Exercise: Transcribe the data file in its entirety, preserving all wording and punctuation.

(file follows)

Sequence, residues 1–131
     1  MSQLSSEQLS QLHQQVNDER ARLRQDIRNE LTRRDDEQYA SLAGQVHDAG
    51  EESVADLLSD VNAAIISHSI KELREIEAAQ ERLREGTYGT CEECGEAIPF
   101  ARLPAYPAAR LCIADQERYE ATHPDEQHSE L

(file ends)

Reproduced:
Sequence, residues 1–131
     1  MSQLSSEQLS QLHQQVNDER ARLRQDIRNE LTRRDDEQYA SLAGQVHDAG
    51  EESVADLLSD VNAAIISHSI KELREIEAAQ ERLREGTYGT CEECGEAIPF
   101  ARLPAYPAAR LCIADQERYE ATHPDEQHSE L